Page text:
You start off by giving readers a general idea about your topic. Be brief. Your introduction should be engaging and stimulating in a way that readers will be interested and attracted to read further. A lengthy introduction might result in unfavorable ‘first impression’. Do not use factual statements (as yet). Avoid references at this juncture. Write the introduction in your own words. Imagine you are starting a conversation with someone and you desire to keep the one listening to you attentive all through.

Background of the StudyPresent the motivation for doing the research. Indicate what made you become interested in the topic in the first place. Is the topic directly related to you? Or is it a phenomenon that you observed to be prevalent in your surrounding? Why are you driven to investigate and study the topic?

Statement of the ProblemThis is where you explain your topic. You will recall that in the title page, your statement of the topic is very brief and non-explanatory. So, this is where you get to expound on your topic. You can narrow the area of investigation by pointing out your concerns and focus in the research. For example, you can write, “For the purpose of this research, the researcher will investigate the effects of extrinsic motivation on math performance of third graders…” Here, the researcher is narrowing down the construct – motivation – to ‘extrinsic motivation’…this means that the researcher is not interested in studying the effects of intrinsic motivation on math performance. You can also state the variables (dependent and independent variables) involved in the study under this section. Many scholars say that ‘Statement of the Problem’ is the HEART of any research proposal. So, make sure that you are specific, concise, and distinctive in elaborating the topic under investigation.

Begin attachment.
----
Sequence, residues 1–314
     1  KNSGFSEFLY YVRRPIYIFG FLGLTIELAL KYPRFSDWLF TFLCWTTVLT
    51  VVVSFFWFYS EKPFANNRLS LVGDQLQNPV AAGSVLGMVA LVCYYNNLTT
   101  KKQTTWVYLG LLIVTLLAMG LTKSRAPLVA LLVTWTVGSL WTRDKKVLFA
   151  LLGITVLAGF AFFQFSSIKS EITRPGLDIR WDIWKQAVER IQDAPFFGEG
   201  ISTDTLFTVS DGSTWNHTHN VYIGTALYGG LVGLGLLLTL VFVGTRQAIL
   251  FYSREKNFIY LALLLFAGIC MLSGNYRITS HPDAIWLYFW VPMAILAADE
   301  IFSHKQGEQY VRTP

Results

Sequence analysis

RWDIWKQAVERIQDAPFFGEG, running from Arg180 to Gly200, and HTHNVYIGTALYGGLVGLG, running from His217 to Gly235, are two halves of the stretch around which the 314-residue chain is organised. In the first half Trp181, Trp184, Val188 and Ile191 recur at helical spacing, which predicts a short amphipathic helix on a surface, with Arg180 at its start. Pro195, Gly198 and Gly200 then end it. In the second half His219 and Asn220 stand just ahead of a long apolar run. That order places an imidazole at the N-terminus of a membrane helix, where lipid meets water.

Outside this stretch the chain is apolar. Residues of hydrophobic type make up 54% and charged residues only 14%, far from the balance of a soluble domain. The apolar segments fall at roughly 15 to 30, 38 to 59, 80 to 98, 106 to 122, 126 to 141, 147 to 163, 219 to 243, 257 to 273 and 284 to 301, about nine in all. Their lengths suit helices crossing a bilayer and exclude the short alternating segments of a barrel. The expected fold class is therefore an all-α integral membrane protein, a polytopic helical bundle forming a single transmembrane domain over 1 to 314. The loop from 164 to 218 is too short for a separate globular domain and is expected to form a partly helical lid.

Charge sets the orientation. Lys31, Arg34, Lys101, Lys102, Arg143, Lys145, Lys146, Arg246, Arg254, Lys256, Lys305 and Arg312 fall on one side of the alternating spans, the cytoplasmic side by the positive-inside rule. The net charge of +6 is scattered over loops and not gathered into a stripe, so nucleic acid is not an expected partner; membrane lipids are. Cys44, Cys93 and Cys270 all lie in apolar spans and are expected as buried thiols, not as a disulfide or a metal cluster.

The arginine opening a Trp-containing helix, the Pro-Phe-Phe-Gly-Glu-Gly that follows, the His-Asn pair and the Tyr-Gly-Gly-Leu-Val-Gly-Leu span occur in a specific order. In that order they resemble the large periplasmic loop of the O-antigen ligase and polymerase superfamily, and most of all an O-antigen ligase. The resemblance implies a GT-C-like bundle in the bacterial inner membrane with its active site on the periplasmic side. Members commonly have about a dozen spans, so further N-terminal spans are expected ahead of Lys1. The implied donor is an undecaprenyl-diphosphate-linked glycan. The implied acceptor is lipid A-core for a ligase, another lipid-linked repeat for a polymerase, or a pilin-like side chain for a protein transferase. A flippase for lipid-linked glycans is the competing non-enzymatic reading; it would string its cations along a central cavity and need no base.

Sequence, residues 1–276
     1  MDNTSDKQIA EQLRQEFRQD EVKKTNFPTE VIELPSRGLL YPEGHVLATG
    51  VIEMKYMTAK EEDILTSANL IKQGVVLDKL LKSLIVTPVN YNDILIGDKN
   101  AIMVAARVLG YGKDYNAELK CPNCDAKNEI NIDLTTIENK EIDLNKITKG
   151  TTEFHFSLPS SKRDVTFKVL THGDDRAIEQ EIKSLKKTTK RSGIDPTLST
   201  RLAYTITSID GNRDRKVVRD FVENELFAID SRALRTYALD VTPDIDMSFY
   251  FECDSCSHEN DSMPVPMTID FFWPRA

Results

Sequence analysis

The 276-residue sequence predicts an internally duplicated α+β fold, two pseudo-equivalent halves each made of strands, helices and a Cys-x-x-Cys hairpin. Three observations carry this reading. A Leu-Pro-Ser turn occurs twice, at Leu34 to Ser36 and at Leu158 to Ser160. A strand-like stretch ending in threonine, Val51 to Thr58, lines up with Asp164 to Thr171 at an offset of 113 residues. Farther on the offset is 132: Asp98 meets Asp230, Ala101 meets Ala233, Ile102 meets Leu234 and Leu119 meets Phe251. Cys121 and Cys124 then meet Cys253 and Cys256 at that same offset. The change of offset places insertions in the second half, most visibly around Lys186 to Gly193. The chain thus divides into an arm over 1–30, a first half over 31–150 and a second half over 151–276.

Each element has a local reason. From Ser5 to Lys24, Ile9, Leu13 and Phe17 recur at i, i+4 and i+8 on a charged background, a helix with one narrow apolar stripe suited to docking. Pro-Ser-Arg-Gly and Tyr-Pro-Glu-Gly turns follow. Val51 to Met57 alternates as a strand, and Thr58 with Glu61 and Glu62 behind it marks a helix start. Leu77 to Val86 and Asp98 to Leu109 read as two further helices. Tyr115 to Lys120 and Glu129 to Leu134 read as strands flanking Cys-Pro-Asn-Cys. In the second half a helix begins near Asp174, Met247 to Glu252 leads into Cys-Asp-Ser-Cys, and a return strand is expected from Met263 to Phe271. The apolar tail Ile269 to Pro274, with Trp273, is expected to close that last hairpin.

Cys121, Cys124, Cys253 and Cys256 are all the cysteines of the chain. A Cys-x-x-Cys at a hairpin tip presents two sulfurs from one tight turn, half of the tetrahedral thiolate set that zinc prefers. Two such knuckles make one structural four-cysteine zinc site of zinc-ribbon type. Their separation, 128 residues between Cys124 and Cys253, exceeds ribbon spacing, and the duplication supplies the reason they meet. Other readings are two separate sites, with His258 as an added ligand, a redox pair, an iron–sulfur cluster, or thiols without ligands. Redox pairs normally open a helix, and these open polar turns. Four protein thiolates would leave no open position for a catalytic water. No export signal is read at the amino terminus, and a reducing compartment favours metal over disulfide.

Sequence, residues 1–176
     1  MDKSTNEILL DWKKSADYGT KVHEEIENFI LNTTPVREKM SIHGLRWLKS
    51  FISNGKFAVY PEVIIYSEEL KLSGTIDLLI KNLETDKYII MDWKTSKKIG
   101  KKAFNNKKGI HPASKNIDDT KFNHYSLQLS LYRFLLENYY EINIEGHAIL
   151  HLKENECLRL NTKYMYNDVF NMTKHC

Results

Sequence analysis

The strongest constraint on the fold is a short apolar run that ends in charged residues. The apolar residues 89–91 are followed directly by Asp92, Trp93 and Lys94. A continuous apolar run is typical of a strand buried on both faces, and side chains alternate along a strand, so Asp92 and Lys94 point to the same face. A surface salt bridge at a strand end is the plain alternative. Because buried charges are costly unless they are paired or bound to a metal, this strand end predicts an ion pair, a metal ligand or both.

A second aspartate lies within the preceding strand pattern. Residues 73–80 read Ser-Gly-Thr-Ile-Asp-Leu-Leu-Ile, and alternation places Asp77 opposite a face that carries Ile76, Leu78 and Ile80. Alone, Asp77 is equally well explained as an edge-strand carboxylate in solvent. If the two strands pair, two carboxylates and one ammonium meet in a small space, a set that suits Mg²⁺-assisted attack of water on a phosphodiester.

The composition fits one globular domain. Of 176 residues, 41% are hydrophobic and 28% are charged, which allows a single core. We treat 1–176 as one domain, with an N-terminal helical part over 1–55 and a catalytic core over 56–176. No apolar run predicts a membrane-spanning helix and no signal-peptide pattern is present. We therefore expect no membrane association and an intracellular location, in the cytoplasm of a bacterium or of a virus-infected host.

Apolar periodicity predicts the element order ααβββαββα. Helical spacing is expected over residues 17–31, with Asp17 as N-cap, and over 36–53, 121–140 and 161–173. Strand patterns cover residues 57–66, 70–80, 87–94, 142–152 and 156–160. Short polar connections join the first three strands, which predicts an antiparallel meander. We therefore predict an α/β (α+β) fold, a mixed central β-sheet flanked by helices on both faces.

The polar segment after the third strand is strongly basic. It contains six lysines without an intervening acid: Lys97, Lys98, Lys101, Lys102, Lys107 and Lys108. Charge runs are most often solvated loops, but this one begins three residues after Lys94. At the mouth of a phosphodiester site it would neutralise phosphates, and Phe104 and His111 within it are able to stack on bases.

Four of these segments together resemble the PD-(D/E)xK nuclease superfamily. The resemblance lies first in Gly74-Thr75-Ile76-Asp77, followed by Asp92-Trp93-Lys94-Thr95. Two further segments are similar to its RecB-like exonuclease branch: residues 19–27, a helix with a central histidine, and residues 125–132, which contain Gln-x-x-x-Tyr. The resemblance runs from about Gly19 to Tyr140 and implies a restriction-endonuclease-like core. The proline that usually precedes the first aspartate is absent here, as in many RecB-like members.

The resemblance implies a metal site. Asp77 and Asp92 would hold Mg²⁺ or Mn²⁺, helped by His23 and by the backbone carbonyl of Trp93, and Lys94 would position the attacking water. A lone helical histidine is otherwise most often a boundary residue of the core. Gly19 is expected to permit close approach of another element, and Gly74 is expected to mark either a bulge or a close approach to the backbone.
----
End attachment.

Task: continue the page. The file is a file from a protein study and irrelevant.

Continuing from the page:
Purpose of the Study (Objectives of the Study)What is to be accomplished by the research? What is your research going to accomplish that other researches didn’t accomplish? These objectives are specific aims of the research, often broken down according to what is to be accomplished into smaller logical components. In other words, specific objectives relate to the specific research question/hypothesis the investigator wants to answer through a proposed study. It is advisable to work on a few specific objectives; an average of three and a maximum of five are appropriate. E.g., The study will ascertain/measure the degree and direction of relationship between variable A and variable B; The study will examine and describe and the type of attitude male prisoners hold toward female counselors; The study will compare the learning styles of individuals from various cultural groups; etc. (the verbs used in the statement of objectives must be specific, measurable, and to a certain extend, observable).